UK: Are police and politicians failing women?

 

UK: Are police and politicians failing women?

Hundreds of women gathered with candles and flowers in a south London park last week to protest the murder of Sarah Everard, a 33-year-old marketing executive who was snatched off a street while walking home at night from a friend’s house. A serving Metropolitan police officer has been charged with Everard’s kidnapping and murder, said Shami Chakrabarti in The Guardian, so you might have expected the force to take a hands-off approach to the vigil. Instead, the Met forcefully broke up the crowd of mourners, hurling women to the ground, kneeling on their backs, and handcuffing them. It’s true that under the coronavirus lockdown, protests are banned, but “the organizers of the Reclaim These Streets vigil acted impeccably,” offering to work with police to ensure that the planned vigil was socially distanced. In a “catastrophic misjudgment,” the higherups refused and Reclaim canceled the event, but grieving and outraged women showed up anyway. Now Met Commissioner Cressida Dick is rightfully facing calls to resign. While vigil organizers say they don’t want the force’s first female top cop to step down, Dick has been a leading voice in calling for “greater police powers to curb peaceful dissent.”

Don’t blame the police, said The Daily Telegraph in an editorial. They had no choice but to enforce the lockdown law that was hastily rammed through by Prime Minister Boris Johnson’s government. Forces across the U.K. were criticized last year for allowing Black Lives Matter marches to go ahead despite the pandemic, so the latest legislation explicitly included a protest ban. “Some form of heavy-handedness” was to be expected. Yet police did not arrest Prince William’s wife, Kate, the Duchess of Cambridge, when she went to the park to lay flowers for Everard, said Rachel Cunliff in NewStatesman .com. It was only later that the Met decided a stream of mourners had become a protest that needed to be violently put down. Clearly, officers can’t be trusted to decide what is or isn’t a lawful gathering, yet a new crime bill in Parliament would give them “sweeping new powers” to break up “disruptive” demonstrations. Since protests are inherently disruptive, the bill would effectively allow police to pick and choose which ones to shut down.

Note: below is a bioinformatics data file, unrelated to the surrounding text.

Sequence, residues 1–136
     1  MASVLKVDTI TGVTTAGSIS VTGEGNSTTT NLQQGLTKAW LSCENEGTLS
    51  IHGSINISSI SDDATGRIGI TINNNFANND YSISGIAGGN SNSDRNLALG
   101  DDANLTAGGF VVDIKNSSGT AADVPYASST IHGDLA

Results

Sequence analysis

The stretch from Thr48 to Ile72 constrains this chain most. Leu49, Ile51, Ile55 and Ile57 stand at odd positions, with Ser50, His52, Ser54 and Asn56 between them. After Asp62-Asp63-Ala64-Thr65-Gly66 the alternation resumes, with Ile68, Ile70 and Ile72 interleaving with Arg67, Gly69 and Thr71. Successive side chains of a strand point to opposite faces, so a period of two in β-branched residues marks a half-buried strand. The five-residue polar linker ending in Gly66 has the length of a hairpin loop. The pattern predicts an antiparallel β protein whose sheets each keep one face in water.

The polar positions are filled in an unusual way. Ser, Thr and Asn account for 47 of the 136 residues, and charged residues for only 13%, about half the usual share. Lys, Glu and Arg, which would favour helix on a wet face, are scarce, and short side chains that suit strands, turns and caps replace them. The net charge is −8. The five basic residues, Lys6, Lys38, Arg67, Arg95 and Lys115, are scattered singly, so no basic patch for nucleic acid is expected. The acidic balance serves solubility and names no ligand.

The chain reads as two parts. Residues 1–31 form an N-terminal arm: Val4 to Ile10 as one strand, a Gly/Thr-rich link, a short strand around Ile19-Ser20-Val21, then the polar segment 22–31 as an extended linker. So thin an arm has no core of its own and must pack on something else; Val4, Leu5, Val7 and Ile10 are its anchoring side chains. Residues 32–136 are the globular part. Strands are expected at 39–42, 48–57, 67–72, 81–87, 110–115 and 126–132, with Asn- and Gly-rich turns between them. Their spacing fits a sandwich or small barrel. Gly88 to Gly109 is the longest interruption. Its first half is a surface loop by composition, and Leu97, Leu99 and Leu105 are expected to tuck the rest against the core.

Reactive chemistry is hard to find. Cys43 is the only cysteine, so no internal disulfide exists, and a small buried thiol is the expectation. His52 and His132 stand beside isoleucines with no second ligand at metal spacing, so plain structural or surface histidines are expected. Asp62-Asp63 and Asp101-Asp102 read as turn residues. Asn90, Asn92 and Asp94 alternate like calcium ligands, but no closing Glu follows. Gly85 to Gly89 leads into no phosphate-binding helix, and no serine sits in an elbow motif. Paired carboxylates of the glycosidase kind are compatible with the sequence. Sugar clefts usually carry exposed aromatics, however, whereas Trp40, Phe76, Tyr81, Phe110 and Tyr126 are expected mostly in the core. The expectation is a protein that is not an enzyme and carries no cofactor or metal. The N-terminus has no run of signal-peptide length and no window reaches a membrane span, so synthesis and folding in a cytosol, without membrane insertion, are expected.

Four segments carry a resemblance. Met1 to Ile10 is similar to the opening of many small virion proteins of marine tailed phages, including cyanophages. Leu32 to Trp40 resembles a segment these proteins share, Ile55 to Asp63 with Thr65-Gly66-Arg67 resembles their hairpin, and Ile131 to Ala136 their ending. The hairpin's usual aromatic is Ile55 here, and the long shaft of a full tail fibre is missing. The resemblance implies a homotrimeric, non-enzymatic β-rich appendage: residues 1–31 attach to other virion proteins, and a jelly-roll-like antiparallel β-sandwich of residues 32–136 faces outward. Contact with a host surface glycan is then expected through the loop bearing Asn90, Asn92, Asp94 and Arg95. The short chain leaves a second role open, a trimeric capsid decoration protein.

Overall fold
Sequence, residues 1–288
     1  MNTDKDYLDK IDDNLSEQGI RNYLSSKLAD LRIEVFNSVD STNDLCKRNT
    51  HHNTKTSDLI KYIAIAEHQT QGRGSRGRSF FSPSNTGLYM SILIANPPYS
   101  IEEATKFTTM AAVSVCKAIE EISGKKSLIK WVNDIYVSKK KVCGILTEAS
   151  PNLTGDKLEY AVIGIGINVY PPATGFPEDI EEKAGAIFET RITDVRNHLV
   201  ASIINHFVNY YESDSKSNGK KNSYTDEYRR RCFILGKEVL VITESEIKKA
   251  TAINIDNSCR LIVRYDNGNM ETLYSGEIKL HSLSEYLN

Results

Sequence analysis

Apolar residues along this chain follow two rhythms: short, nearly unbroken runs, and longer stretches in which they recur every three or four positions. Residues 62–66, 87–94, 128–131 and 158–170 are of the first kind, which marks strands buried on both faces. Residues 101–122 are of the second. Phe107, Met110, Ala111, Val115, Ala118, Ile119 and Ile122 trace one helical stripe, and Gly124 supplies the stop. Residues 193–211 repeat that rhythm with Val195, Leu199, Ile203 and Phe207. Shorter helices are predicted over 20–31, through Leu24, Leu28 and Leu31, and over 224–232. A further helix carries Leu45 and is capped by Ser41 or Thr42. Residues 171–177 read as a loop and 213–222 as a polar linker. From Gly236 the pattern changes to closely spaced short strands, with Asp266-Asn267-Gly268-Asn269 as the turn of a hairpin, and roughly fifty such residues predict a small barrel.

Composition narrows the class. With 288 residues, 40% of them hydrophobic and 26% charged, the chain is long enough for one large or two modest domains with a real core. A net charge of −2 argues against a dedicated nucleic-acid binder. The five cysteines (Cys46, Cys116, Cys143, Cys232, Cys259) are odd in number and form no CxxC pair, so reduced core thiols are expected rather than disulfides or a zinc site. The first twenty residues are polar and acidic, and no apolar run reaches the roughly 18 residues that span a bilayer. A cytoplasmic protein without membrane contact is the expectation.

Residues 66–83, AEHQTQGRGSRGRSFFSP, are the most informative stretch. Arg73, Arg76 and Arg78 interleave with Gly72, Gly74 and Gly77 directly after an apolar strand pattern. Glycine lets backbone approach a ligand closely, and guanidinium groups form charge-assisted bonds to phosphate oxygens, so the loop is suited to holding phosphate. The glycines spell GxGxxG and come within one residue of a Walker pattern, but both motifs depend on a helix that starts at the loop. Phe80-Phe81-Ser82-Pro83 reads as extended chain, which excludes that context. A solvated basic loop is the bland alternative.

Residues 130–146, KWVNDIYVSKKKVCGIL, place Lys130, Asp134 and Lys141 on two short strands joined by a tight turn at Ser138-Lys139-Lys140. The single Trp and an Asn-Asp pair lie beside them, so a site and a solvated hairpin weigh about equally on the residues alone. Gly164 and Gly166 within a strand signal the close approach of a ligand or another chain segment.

That new bill “does more to protect statues than women,” said Rachel Sylvester in The Times. Vandals who damage war memorials would get up to 10 years in prison, “double the five-year sentence given last month to a man who strangled his wife to death.” The bill also lets police download victims’ cellphone data, which will discourage rape victims from coming forward lest their sexual history be used against them. Already, thousands of rapists go free each year: Out of 55,130 rape cases in England and Wales last year, there were only 2,102 prosecutions and 1,439 convictions. Where are the policies to make prosecution of rape easier? Why not make street harassment a crime? Lawmakers should scrap their bill and start over—this time with Sarah Everard in mind.

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